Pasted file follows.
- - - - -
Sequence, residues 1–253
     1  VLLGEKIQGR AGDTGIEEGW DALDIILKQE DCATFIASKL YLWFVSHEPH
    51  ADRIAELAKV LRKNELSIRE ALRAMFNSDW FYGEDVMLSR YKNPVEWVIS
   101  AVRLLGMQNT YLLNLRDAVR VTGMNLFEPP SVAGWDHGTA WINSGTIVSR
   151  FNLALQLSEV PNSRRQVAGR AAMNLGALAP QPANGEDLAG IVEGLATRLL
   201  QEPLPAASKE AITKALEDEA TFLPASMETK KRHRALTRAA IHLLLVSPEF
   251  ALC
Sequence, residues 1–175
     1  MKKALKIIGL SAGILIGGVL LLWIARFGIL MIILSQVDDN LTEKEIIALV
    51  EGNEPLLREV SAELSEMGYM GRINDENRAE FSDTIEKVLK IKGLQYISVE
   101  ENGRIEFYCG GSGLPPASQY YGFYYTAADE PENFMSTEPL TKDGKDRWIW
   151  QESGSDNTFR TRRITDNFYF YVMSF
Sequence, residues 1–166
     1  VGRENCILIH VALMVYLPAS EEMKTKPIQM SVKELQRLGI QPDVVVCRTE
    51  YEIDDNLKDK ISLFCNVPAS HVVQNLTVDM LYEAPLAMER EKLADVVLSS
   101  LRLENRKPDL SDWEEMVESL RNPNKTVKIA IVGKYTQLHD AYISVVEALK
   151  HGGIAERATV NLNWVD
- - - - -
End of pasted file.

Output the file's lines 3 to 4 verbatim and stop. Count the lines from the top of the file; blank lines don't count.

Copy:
    51  ADRIAELAKV LRKNELSIRE ALRAMFNSDW FYGEDVMLSR YKNPVEWVIS
   101  AVRLLGMQNT YLLNLRDAVR VTGMNLFEPP SVAGWDHGTA WINSGTIVSR